RFID – Radio Frequency Identification

RFID is an important concept in the modern era. The basic principle of operation is simple: radio waves are sent out from an RF reader to an RFID tag in order to track or identify the object, whether it is a supermarket item, a car, or an Alzheimer patient.

RFID tags are subdivided into three main categories: Active, passive and semipassive. Active RFID tags employ a battery to power them whereas passive tags utilize the incoming radio wave as a power source. The semipassive tag also employs a battery source, but relies on the RFID reader signal as a return signal. For this reason, the active and semi passive tags have a greater range than the passive type. The passive types are more compact and also cheaper and for this reason are more common than the other two types. The RFID picks up the incoming radio waves with an antenna which then directs the electrical signal to a transponder. Transponders receive RF/Microwaves and transmit a signal of a different frequency. After the transponder is the rectifier circuit, which uses a DC current to charge a capacitor which (for the passive tag) is used to power the device.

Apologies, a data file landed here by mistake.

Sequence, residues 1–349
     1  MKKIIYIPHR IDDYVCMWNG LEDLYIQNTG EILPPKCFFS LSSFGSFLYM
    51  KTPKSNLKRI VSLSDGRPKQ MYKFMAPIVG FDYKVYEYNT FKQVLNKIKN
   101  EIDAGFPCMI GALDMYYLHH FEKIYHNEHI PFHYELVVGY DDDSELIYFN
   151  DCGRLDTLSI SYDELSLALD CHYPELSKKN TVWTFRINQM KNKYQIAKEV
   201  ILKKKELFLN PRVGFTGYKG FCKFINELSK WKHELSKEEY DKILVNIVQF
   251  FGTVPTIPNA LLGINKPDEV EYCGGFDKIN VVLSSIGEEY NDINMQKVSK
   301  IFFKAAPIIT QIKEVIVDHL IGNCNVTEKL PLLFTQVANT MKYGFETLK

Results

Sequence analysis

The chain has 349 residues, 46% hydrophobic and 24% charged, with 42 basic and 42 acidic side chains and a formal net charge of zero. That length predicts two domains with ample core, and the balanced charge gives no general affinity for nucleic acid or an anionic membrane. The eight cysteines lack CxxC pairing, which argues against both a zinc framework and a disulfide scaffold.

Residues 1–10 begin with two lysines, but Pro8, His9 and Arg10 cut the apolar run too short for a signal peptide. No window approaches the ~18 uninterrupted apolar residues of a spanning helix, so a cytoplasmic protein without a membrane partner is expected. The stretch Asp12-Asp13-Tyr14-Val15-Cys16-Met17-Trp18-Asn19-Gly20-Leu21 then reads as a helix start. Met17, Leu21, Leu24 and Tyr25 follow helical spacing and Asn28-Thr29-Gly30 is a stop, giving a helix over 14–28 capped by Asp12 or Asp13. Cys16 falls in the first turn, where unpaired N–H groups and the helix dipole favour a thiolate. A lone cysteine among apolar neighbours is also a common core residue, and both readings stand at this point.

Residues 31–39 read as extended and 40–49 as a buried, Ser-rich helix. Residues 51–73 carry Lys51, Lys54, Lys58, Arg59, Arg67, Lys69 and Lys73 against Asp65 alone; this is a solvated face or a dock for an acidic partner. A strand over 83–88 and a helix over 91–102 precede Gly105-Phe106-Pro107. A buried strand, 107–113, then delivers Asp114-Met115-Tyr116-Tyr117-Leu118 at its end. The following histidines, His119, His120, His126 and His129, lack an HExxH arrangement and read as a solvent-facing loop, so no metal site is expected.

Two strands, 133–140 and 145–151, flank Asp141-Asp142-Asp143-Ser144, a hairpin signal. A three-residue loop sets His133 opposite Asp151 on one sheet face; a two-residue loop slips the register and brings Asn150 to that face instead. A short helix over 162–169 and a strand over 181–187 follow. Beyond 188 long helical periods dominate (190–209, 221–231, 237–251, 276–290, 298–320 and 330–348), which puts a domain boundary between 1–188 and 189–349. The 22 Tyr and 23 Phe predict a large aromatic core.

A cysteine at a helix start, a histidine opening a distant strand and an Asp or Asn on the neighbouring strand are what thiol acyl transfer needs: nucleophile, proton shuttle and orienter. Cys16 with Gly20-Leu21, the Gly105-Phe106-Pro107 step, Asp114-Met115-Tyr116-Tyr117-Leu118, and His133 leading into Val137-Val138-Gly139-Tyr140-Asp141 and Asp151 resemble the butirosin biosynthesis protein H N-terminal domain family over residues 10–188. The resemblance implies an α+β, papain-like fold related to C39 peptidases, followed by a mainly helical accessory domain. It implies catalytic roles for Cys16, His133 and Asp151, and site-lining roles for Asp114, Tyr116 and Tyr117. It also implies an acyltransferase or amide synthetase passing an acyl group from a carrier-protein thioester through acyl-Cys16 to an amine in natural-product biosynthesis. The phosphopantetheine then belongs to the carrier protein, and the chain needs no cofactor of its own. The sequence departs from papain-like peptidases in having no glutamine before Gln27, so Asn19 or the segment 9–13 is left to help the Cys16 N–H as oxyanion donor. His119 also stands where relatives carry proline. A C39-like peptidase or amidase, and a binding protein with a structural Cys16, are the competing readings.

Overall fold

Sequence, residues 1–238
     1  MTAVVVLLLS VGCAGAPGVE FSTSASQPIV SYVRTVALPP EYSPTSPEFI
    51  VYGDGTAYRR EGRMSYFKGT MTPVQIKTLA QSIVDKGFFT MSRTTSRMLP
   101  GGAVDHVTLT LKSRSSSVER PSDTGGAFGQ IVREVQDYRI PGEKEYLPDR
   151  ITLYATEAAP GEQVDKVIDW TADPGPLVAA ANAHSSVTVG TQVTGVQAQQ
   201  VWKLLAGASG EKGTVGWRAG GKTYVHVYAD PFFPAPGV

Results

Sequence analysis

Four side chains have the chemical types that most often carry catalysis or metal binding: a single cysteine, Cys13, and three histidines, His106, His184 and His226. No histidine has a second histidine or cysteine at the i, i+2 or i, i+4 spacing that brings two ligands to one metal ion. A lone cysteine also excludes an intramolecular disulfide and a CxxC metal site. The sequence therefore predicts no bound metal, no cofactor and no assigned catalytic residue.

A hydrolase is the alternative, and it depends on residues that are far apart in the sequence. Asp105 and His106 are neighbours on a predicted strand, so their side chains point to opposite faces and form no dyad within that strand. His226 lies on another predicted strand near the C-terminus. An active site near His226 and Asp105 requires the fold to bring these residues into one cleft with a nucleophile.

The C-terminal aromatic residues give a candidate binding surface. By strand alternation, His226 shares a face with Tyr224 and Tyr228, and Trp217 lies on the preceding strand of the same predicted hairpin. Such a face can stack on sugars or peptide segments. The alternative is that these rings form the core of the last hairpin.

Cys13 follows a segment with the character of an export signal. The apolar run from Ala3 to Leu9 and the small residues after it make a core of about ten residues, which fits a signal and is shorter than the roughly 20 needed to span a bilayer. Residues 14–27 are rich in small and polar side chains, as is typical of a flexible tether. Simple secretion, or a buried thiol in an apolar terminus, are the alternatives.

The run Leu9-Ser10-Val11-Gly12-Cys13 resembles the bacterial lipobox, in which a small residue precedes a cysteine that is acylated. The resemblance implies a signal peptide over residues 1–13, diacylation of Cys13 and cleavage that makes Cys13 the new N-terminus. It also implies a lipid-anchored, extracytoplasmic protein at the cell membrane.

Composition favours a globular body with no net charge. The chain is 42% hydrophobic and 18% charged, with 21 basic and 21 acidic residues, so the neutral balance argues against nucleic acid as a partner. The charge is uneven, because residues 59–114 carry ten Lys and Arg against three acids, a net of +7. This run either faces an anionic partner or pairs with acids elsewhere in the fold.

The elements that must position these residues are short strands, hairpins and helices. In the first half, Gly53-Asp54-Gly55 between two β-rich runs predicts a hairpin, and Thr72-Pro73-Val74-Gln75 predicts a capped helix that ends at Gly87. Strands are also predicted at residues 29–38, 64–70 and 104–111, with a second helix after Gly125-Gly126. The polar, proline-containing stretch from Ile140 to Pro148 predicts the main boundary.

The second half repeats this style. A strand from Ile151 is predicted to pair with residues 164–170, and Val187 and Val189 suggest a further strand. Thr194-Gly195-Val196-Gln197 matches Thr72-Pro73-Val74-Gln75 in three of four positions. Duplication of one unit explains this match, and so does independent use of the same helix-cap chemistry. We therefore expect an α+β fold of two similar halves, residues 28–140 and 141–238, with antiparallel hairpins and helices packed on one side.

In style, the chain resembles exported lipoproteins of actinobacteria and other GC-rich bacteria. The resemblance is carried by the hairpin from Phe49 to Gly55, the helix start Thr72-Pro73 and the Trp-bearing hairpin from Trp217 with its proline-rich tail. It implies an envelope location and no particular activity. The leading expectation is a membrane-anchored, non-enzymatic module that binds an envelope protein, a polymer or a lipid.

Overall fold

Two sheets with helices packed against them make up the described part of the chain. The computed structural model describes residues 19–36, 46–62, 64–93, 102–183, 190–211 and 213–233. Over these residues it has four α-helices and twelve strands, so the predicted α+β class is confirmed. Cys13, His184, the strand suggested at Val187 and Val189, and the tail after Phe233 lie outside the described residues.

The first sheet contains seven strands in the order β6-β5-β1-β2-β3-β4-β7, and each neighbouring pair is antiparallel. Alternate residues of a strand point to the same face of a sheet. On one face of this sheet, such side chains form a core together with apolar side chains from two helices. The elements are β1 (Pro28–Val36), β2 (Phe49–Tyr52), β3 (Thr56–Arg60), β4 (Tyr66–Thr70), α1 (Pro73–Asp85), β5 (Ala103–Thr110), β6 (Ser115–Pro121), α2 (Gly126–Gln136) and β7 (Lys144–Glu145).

The RFID reader consists of a microcontroller, an RF signal generator and a receiver. Both the transmitter and receiver have an antennas which convert radio waves to electrical currents and vice versa.

The following table shows frequencies and ranges for the various bands used in RFID


As expected, lower frequencies travel further distances. The lower frequencies tend to be used for the passive type of RFID tags.

For LF and HF tags, the working principle is inductive coupling whereas with the UHF and Microwave, the principle is electromagnetic coupling. The following image shows inductive coupling.

inductive coupling

A transformer is formed between the two coils of the reader and tag. The transformer links the two circuits together through electromagnetic induction. This is also known as near field coupling.

Far field coupling/radiative coupling uses backscatter by reradiating from the tag to the reader. This depends on the load matching, so changing the load impedance will change the intensity of the return wave. The load condition can be changed according to the data in order for the data to be sent back to the reader. This is known as backscatter modulation.

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